National Junior Waterskiing Champion at age sixteen, married at nineteen, widowed at twenty-two when her husband Tom made a dumbass deal with Beauvien and then didn’t come through with the cash, Missy knew her ups and her downs, the ecstasy and the agony. She called herself a Florida Girl to anyone who asked, though she lived in Jacksonville, which was to Florida what Detroit was to the beaches and northern woods of Michigan. Thing was, she pulled it off. No light seemed to shine brighter than the brilliant spray from her ski as she blasted through the first pair of red gate buoys, whooping like a wild thing, her hair banded in a ponytail, her teeth glinting.

Now, in the bedroom, she lay down on the bed she’d shared for three years with Tom. She felt no regret for shooting Beauvien. She wanted what she lost, that was all. She hated to lose. For a moment she thought of climbing under the bed covers, shutting her eyes, and trying to dream herself back into her former life. Instead, she made a mental list. Clothes, passport, toothbrush. What else might she need? She went downstairs to the garage and found a screwdriver and pliers.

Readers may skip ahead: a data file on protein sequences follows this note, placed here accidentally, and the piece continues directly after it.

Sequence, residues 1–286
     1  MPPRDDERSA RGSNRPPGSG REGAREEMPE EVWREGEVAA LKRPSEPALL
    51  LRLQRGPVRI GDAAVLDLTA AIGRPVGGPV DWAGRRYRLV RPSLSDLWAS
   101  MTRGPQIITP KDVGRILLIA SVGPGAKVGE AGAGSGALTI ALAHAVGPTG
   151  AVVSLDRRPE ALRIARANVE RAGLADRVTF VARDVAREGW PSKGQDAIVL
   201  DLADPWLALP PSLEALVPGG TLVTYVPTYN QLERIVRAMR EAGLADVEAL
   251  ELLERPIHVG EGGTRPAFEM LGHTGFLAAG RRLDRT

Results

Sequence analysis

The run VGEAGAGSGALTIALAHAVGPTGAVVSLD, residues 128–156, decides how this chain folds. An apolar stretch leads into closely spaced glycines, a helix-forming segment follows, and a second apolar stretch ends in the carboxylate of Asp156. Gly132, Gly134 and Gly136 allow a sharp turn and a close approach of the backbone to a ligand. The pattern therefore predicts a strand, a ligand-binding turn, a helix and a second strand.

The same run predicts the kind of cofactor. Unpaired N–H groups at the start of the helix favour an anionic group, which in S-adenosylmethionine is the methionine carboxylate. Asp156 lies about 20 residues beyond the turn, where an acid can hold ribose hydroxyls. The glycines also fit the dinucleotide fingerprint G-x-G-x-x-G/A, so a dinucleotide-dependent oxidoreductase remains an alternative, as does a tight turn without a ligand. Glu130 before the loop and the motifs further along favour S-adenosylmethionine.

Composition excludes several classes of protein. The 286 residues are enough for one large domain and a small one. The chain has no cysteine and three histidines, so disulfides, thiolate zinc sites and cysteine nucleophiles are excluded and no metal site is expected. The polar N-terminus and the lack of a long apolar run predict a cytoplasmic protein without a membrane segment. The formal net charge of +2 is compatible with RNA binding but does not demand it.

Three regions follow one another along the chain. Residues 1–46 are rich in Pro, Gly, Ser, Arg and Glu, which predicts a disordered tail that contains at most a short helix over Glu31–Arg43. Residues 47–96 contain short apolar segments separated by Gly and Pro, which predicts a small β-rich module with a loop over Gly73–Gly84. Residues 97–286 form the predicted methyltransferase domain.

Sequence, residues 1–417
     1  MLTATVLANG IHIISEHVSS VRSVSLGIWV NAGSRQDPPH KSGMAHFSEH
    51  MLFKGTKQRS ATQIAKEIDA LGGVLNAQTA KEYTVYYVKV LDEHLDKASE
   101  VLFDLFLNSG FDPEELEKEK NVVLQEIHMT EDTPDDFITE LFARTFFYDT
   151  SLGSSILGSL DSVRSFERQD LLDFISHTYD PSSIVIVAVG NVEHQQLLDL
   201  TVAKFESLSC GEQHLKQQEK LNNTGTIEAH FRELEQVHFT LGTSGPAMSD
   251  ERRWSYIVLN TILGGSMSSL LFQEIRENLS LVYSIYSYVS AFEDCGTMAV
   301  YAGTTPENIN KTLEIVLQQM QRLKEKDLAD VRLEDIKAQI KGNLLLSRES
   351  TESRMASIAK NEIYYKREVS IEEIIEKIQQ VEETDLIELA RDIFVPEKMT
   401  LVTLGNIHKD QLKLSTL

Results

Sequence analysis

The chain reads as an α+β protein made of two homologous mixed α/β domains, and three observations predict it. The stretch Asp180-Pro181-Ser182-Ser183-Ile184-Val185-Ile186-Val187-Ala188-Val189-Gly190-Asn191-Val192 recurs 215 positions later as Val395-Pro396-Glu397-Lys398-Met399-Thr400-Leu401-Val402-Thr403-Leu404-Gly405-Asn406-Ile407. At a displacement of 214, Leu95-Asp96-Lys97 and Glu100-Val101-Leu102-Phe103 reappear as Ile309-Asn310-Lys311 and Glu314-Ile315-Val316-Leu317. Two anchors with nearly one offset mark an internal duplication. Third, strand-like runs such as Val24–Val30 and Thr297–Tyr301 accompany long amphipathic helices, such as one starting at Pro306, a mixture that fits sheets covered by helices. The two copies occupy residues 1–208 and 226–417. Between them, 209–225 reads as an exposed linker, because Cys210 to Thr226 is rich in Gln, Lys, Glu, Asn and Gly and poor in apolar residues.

This is a terrific story, and the character of Missy is perfectly drawn, with all her foibles and thoughts and motivations, and her likability, despite her flaws and faults, are what drive this story of revenge and escape and survival; Missy is a former champion athlete and she’s always been a winner–and her push to always be a champion plays out beautifully throughout the story and especially makes the ending absolutely spot on. I’d actually love to read more about Missy; I hope Michael considers making her the main character of a novel sometime.

And now, back to the spice mines.

Tears in Heaven